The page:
6. Ibid., pp. xxixxxx; of Andersen's tales, Niels Kofoed has noted: "Only about onesixth of his 156 tales and stories are without any reference to death. In twentyfour of them death is the main theme and in another twentyfive death is part of the conclusion". Niels Kofoed, "Hans Christian Andersen and the European Literary Tradition", Chapter 4 in Hans Christian Andersen. Danish Writer and Citizen of the World, ed. Sven Hakon Rossel, Amsterdam / Atlanta: Rodopi, 1996, p. 248. back
9. Romaner og Rejseskildringer, Vol. V, p. xxix; see also Elias Bredsdorff, H. C. Andersen. Mennesket og Digteren, Copenhagen: Fremad, 1988, p. 333, and Johan de Mylius, Myte og roman, pp. 21112. back
10. It seems hardly coincidental that the theme of the first theatrical performance that Peer attends involves the betrayal and death of the protagonist at the hands of a woman. Could this be a subtle caveat about women to an impressionable young Peer? back
11. Andersen here is of course alluding to the well known folksong "Elverskud", in which Herr Oluf dies because he refused to dance with "Ellerkongens datter", an even more dire warning for Peer who likewise resists the blandishments of the "Elverpiger". (See Dansk Folkedigtning, ed. Erik Dal, Copenhagen: Gyldendal, 1972, pp. 21214.) back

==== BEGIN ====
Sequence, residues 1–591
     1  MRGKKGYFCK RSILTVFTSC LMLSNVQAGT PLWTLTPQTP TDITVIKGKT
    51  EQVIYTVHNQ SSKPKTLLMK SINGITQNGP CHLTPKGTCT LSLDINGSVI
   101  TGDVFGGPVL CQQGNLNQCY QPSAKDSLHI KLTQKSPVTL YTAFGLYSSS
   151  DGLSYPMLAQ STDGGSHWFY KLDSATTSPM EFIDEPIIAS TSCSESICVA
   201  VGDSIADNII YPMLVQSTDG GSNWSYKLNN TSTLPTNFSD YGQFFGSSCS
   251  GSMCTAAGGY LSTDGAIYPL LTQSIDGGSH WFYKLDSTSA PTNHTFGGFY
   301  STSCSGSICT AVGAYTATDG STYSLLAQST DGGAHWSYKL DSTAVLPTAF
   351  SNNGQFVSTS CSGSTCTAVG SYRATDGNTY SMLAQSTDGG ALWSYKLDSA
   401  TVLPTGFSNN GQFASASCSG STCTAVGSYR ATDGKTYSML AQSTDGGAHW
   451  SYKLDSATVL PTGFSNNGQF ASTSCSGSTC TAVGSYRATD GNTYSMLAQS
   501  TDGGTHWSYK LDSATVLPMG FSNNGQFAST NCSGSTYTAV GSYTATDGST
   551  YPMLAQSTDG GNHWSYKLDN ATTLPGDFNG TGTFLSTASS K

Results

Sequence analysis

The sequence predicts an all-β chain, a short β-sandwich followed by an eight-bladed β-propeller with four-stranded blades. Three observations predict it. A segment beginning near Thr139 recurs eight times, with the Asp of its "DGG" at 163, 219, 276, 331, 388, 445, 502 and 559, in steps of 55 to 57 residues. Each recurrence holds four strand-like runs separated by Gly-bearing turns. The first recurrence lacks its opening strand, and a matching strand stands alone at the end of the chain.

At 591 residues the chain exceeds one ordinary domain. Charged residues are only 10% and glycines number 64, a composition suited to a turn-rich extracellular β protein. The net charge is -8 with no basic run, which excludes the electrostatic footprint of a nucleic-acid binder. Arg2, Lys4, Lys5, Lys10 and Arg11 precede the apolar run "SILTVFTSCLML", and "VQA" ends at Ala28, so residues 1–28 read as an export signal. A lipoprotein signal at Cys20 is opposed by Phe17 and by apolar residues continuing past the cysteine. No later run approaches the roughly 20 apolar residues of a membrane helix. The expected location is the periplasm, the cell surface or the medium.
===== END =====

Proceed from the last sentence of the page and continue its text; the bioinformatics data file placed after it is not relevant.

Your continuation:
12. The last scene of Thomas's opera ends with Hamlet's killing his uncle and, confronted by the ghost of his father, agreeing to live and become king of Denmark. As indicated in Thomas's score: "Hamlet: 'Mon âme est dans la tombe, helas! et je suis Roi!' Tutti: 'Vive Hamlet, vive Hamlet! - notre Roi!'" These are the concluding lines of the opera. Hamlet. Opéra en cinq Actes, paroles de MM. Michel Carré et Jules Barbier, musique de Ambroise Thomas, Paris: Heugel et Cie, n.d., pp. 35051. This ending seems to have been the version that Andersen saw in Paris on February 18, 1870 (the year he wrote LykkePeer). The unnumbered title page indicates that it is the 1868 redaction, and the cast included the two singers, M. Faure and Mlle Nilsson, whom Andersen mentions in his diary as having heard in these roles. Of this performance, he wrote in part in his diary: " saae Hamlet, som Faure udførte; Christine Nielsen gav Ophelia Shackspear er nøie fulgt, " (Dagb., VIII, 333). back